Thursday, April 30, 2015

So, what's new?

 Level Field  

 Recently, there has been a lot of noise about the exorbitant salaries earned by M-League players that did not quite gel with Malaysia’s sliding Fifa world ranking. So, what else is new on our football scene?
It has been an open secret for some time now that Malaysian football is plumbing new depths. But clearly, the authorities, ardent fans and critics are hoping for a miracle.
The blame for the current sorry state of Malaysian football falls squarely on the state FAs and clubs. You may ask, what about the FA of Malaysia (FAM)? Yes, FAM has to accept part of the blame but as the national body, they can only do so much.
This column has stressed time and again that the state FAs are the limbs of FAM. The national body can implement the best programmes in the world, but if they are not properly executed by the state FAs, they will come to naught. After all, the state associations are the ones that touch base with the grassroots.
If my memory serves me right, when the Semi-Pro league was introduced in 1989, FAM placed a cap of RM5,000 on players' salary and the state FAs had to declare what they paid their players.
But then, the associations declared one figure to FAM and paid the players another to entice them to represent their states. Local players were already earning between RM15,000 and RM20,000 at the time.
Then came the hiring of mediocre foreign players who came for trials without even a pair of boots but commanded between US$3,000 and US$10,000 plus accommodation and a car, not to mention bonuses! There was also the sign-on fee.
State FAs were already getting subsidies from FAM and what started at RM400,000 a year quickly passed the RM1 million mark. But money that was meant for development, the referees and coaching courses was used up for the M-League team. And even back then, the state FAs were running at a deficit.
Initially, the teams were managed at RM700,000 to RM1 million but this scaled up to about RM30 million to RM40 million and is now probably double that amount.
The players became more demanding when they realised that the state FAs were willing to pay them well. And with all the states competing for a small pool of good players, the wages skyrocketed.
Then the players began to offer their services in packs of three or four and the states had to secure all of them or none at all. Thus began the era of very high wages for very average players.
Needless to say, the players got accustomed to the finer things in life and lost their focus on the game. Representing the nation was no longer their priority as they were sitting pretty at state and club-level competition. Indeed, there seems no end to the vicious circle.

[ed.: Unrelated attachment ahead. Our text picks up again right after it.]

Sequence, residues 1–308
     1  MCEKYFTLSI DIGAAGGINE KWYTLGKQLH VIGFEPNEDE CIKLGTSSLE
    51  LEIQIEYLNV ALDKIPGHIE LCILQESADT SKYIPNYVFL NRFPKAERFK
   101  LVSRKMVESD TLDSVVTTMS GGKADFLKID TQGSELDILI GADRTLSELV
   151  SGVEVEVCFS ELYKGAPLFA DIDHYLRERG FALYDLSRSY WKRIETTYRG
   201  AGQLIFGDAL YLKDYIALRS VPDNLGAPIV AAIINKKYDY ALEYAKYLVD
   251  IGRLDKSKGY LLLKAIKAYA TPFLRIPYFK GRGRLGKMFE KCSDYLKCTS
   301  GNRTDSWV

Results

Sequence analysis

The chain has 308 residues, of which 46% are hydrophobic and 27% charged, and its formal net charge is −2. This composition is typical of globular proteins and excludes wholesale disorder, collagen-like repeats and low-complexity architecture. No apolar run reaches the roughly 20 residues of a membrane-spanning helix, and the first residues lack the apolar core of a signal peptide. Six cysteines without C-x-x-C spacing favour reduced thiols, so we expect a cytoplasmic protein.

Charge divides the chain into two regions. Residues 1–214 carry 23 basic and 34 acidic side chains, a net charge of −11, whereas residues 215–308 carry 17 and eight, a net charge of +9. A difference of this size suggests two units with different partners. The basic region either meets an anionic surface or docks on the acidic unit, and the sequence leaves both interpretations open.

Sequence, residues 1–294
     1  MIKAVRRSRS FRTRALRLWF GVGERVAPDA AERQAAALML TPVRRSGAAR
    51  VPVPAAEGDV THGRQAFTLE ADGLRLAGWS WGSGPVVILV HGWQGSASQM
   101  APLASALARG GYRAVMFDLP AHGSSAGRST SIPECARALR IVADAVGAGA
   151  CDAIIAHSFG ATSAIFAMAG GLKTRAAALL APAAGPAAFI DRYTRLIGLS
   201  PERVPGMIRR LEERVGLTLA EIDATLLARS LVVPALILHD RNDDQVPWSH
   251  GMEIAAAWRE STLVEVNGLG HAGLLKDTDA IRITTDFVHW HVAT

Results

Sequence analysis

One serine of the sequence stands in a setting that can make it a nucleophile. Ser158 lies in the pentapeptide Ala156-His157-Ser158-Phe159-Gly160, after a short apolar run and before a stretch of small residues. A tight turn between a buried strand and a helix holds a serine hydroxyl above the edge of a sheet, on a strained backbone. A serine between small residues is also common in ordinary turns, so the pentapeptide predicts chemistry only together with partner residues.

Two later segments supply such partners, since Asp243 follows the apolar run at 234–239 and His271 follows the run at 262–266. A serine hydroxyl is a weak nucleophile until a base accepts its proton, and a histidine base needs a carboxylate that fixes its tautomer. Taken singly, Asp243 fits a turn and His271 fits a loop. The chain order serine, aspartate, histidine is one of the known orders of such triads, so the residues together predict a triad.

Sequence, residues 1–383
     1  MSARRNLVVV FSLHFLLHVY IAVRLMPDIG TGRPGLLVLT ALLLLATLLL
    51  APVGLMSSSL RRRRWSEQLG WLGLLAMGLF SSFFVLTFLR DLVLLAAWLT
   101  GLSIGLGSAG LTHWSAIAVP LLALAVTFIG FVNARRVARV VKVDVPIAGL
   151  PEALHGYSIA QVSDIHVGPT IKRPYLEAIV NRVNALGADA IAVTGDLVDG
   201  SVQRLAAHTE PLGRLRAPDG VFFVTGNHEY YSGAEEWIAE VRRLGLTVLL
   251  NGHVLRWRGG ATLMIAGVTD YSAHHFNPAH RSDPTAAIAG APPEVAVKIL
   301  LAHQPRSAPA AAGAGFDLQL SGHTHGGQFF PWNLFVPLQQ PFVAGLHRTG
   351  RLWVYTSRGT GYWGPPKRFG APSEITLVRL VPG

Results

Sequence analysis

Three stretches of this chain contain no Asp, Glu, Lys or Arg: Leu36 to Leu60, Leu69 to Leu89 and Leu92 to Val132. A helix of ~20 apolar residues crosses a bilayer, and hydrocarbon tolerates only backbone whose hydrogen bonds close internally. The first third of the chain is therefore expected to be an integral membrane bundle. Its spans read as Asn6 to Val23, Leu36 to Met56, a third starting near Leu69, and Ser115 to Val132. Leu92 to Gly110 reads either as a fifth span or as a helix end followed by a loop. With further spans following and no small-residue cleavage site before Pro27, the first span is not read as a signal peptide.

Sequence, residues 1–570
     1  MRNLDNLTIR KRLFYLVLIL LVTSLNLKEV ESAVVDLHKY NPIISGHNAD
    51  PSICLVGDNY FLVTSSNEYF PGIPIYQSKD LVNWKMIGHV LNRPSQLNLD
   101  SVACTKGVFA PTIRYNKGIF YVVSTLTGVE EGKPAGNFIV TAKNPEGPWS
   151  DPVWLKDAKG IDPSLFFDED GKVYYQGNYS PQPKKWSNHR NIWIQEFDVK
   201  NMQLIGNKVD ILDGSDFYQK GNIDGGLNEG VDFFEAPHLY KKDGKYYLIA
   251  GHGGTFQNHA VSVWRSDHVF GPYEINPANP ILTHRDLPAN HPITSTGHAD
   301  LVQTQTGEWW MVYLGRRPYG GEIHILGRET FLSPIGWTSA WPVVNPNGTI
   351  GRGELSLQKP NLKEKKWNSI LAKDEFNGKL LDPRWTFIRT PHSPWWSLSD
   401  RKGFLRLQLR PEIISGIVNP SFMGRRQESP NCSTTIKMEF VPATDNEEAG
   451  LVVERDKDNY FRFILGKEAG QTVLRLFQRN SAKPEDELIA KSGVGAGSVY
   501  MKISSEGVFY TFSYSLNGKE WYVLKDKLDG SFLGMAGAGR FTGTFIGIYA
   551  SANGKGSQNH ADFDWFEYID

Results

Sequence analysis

With the state FAs not paying any attention to development, talented young players became a rarity.
At the national level, we continued to hope for overnight success and thought changing the coaches was the answer to our prayers. 
The media, football officials and the layman became experts in the game and started campaigning for players to be included in the national team.
Gone are the days when finding a place in the national team was like winning the lottery. Today, anyone can be a national player and the turnover is high.
Those days, national players could keep their places for seven to ten years and some players, though talented, had to warm the bench and wait for their turn to make the grade. These days, all we have are highly paid footballers who dish out ... nothing.
The foreigners playing here are hardly used for development programmes. They just collect their hefty wages and more often than not, create problems on and off the field.
If there is a way for Malaysian football to rise again, it has to be through a proper development programme that runs for eight to ten years. We have to be patient, start at the grassroots, especially the schools, and wait for the players to mature.
If we continue to look for shortcuts, we will only face disappointment over and over again.
Our programmes have to be transparent, equitable and cover the whole country. We need the best coaches to handle the programmes and the state FAs to be well administered.
It is going to be a long process and the sooner we come to terms with our current status and address it the right way, the sooner we can rise. Otherwise, it will just be big bucks down the drain and more humiliation.
TONY MARIADASS is a sports
journalist with more than
three decades of experience
and is passionate about
local sports.
He can be reached at
Twitter: @tmariadass​

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